The Tribune Democrat, Johnstown, PA


April 15, 2013

For region, challenges keep mounting

— While Johnstown population figures released recently by the U.S. Census Bureau weren’t unexpected, they still smart.

And whether we’ve hit bottom with nowhere but up to go is anybody’s guess.

It’s easy to get down, throw up our hands and accept a fate none of us wants.

Giving up has never been this region’s way. Why start now?

At least two things seem certain:

* It’s time for an all-hands-on-deck blitz to address our sorry situation. This is front-burner stuff.

* Our region still has plenty to offer new businesses and new industries – or those looking to expand – and new residents.

On the heels of recent and especially bad economic news involving closures and layoffs – from the Cresson prison and MetLife and Lockheed Martin Global Supply Chain Services, both in Richland Township – comes a report saying Johnstown’s population is dropping at a faster pace than almost any other metropolitan statistical area in the United States.


U.S. Census Bureau figures say the MSA, which encompasses all of Cambria County, saw an estimated seven-tenths of a percent population drop – 142,624 people to 141,584 – during a 12-month period that ended on July 1, 2012.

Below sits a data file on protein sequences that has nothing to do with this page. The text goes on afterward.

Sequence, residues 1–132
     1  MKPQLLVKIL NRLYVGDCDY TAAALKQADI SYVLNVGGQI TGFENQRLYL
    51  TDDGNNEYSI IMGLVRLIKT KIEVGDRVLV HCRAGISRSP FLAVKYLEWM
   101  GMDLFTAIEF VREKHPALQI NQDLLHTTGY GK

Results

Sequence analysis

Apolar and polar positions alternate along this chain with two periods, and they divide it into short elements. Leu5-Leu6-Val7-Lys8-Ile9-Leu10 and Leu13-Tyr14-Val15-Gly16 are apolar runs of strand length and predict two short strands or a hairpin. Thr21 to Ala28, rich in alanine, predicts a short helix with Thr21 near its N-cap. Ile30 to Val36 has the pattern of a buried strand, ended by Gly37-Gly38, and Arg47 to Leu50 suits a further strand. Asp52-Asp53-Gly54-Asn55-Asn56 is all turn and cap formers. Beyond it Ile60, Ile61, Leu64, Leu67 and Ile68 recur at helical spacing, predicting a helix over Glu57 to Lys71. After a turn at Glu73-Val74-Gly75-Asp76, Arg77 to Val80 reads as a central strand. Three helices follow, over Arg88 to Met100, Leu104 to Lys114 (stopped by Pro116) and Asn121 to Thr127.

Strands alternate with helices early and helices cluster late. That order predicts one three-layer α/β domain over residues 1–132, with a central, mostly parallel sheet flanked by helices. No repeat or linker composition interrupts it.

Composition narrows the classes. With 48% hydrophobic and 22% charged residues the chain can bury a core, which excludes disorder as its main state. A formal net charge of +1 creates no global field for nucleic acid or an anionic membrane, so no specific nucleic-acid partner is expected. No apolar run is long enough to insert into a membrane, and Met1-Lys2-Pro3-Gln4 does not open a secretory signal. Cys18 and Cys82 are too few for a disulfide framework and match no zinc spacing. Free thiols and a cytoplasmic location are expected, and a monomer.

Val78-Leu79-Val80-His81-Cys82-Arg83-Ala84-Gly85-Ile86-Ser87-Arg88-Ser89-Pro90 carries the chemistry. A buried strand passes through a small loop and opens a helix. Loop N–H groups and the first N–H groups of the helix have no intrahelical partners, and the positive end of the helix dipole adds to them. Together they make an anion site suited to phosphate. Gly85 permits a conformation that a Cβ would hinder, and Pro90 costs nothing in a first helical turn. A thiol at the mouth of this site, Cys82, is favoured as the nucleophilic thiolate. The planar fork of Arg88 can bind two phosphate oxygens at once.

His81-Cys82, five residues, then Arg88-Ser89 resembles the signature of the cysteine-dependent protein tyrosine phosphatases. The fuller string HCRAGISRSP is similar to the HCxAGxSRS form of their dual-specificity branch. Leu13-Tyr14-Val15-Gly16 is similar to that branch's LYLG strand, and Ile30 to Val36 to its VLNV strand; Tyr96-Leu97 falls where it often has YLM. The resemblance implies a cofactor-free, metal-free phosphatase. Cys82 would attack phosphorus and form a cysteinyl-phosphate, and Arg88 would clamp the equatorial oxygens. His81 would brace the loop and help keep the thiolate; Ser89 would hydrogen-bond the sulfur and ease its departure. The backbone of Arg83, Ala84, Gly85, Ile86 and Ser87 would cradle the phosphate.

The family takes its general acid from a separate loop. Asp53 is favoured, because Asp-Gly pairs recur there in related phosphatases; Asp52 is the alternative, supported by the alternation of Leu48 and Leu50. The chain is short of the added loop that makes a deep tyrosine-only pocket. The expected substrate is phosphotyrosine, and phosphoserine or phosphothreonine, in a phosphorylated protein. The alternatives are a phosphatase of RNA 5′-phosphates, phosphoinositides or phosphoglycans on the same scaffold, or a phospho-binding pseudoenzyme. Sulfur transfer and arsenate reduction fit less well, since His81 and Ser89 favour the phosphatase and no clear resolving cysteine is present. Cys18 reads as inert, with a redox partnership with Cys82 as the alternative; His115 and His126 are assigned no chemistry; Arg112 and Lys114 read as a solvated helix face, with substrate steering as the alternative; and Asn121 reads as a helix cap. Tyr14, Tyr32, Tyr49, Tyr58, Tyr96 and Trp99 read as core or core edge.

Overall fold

The loss tied for fifth-sharpest among the nation’s 381 MSA areas.

Showing the fastest decline were Pine Bluff, Ark., at -1.5 percent, first, and Joplin, Mo., at -1.3 percent, second.

In the case of the city of Johnstown, the principal municipality in the MSA, the 2010 census listed its population at just shy of 21,000, down some 40,000 from the late ’50s and early ’60s.

Massive population loss translates into smaller tax bases, smaller school enrollments and less attractive communities for outsiders looking to relocate.

With a remaining population that is growing older and fewer people overall to share the financial load, we shudder every time governments and school boards talk about tax increases.

So what do we do besides cower, whine about our miseries and blame others?

Start by encouraging and electing leaders with vision and give them the support they need to break the latest down cycle. And we build on the many, many positives we have: Several top-notch colleges and universities; solid defense, high-tech and health-care industries; an attractive, inviting Richland Township business district; state-of-the-art airport; a work ethic outsiders admire; and historic tourist offerings that enthrall our visitors.  

“We need a break,” some say.

We do – and it will come – through hard work and intense marketing of the many things that make our region so great.

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